Building Better Tennis Facilities: Interview with Todd Carlson from USTA Tennis Venue Services

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SVC: In this edition of our Expert Insights series, we are delighted to welcome Todd Carlson from the U.S. Tennis Association. Welcome, Todd! Could you please introduce yourself briefly?

Todd Carlson: Sure. I’m Todd Carlson, Director of Tennis Services. It’s been quite a journey to reach this point. Many people don’t realize there are roles dedicated to helping build tennis facilities and providing grants to grow the game nationwide.

I started in the high-tech industry right out of college but felt unfulfilled. After some self-assessment, I decided to shift my career to sports. I joined USTA Texas, one of the 17 sections, working in community tennis. I handled various responsibilities, from community tennis associations, wheelchair tennis, adult recreation, adaptive tennis, and facility management.

When the USTA National Campus with 100 courts opened in Orlando, I was recruited for this department. It was a great opportunity, and I made the move over seven years ago. Since then, I’ve risen to head the department. My passion for tennis started when I began playing at seven, so I’ve been connected to the game for a long time.

Introducing USTA Tennis Venue Services

SVC: Can you explain briefly what Tennis Venue Services does?

Todd Carlson: Absolutely. As the national governing body of tennis, the USTA aims to grow the game, and this is challenging without adequate facilities. We started in 2005 by consolidating funds to provide grants for building or renovating tennis facilities. We oversee this by building relationships with local leaders, park directors, and community tennis associations, which are volunteer-run nonprofits that promote tennis locally. This collaborative approach helps us effectively grow the sport across the country.

What services are offered to project planners?

SVC: Can you provide an overview of the services available to project owners through your organization?

Todd Carlson: Certainly. We offer comprehensive technical, business, and advocacy services to support project owners.

Technical Services

We provide consulting services through a civil engineer to assist with general contractors and architects, ensuring projects are well-managed and aligned with best practices. We also help with evaluating Requests for Proposals (RFPs) and bids to ensure clear and specific requirements, which helps in receiving comparable bids. Additionally, we promote RFPs to contractors and review the bids received, helping project owners make informed decisions. We also offer 2D concept designs and colorful renderings to support project planning, presentations and securing stakeholder buy-in.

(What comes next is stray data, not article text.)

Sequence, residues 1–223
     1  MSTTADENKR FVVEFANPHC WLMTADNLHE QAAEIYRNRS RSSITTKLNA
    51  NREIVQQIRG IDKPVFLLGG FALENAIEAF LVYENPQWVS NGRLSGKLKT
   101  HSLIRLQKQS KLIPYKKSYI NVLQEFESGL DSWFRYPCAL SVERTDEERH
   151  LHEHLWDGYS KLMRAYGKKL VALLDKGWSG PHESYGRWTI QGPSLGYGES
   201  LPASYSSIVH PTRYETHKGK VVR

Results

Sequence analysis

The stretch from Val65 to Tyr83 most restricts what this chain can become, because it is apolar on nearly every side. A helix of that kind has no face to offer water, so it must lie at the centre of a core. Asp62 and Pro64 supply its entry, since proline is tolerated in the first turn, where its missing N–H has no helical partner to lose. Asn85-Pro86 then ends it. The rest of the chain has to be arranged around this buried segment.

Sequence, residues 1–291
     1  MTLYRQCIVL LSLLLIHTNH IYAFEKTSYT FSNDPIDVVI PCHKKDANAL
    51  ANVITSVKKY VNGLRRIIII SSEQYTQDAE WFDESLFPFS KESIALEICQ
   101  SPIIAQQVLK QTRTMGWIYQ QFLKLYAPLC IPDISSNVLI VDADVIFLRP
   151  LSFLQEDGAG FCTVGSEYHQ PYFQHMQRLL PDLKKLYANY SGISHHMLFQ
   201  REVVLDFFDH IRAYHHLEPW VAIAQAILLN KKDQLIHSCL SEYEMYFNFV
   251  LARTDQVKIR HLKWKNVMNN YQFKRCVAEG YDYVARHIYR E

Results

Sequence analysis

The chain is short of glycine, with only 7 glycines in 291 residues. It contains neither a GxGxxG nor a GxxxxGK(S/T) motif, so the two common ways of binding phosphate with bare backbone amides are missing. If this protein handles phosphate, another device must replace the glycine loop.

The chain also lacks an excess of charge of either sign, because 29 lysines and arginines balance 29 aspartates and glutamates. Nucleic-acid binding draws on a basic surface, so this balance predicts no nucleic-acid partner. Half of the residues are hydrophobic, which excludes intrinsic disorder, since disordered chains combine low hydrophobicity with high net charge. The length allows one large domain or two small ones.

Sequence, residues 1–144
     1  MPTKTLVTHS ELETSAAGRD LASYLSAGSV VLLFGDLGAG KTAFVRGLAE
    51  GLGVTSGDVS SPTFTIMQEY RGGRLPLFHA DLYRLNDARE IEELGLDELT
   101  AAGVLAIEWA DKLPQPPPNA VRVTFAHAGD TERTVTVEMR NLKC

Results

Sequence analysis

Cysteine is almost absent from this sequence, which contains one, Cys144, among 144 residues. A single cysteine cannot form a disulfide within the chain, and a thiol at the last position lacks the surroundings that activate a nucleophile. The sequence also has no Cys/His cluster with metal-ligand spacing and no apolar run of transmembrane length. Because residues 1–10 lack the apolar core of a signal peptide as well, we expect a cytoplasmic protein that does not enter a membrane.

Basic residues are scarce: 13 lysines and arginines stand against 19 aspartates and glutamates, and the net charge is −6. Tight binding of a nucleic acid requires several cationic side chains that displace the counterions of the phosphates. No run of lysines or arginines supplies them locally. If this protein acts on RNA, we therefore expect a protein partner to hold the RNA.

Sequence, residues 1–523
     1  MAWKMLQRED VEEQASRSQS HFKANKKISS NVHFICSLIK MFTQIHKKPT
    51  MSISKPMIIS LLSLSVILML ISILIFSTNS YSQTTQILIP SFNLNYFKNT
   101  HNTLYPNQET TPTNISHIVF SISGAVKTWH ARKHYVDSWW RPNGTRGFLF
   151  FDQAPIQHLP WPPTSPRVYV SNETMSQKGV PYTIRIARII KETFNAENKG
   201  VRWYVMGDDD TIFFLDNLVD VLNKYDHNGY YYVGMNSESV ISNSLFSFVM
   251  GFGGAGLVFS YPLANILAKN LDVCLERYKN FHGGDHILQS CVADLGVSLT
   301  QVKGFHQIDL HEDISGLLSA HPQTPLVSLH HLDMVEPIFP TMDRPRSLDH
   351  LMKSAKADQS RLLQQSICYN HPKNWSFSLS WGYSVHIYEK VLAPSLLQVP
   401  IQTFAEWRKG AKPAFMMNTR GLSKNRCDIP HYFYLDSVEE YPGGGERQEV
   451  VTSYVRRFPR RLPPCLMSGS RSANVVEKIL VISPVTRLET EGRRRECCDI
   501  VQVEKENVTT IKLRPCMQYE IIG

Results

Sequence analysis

Business Services

Over the past five years, we’ve formalized our business services to help lower risks to project owners, develop sustainable profit-loss statements and offer expert advice on financial management. Our experienced business consultants, with over 60 years of combined experience, provide invaluable insights and tips to ensure long-term success.

To give you one example, if you’re a municipality looking to put a facility out for bid to be managed by a concessionaire, we can review the bid and offer valuable tips and ideas. If a municipality lacks expertise in tennis, they turn to us for guidance. We also assist with master planning. If there’s a park plan in progress, we can provide expert input on the design, especially for tennis and pickleball facilities.

Overlap with Other Stakeholders in the Project?

SVC: Right. So, you touch on many areas in the planning phase. Usually, project planners work with a project manager from the private sector. Is there overlap between what you do and what they offer, or do you work together?

Todd Carlson: Great question. We don’t act as a big brother dictating what to do. Instead, we meet project planners where they are and offer support. We collaborate rather than encroach on others’ territories. With our extensive experience—handling around 833 inquiries last year alone—we provide niche expertise in tennis and pickleball, helping to manage the complexities, especially for municipalities. This includes balancing resources for both sports.

Grants and Funding Opportunities for Project Planners

SVC: What kind of grants are available for project planners?

Todd Carlson: We offer grants in three main categories and they are specifically for tennis courts. For combined tennis and pickleball facilities, we assess grants based on the tennis court costs alone.

The first category covers amenities such as backboards, shade structures, and windscreens, providing up to $5,000 or 50% of the project cost. For instance, a $5,000 project can receive up to $2,500. The second category focuses on resurfacing projects, with funding based on the number of courts and specific limits. The third category includes new construction and reconstruction, such as lighting projects, offering up to 50% funding with a maximum of $55,000, which can be exceeded for indoor facilities.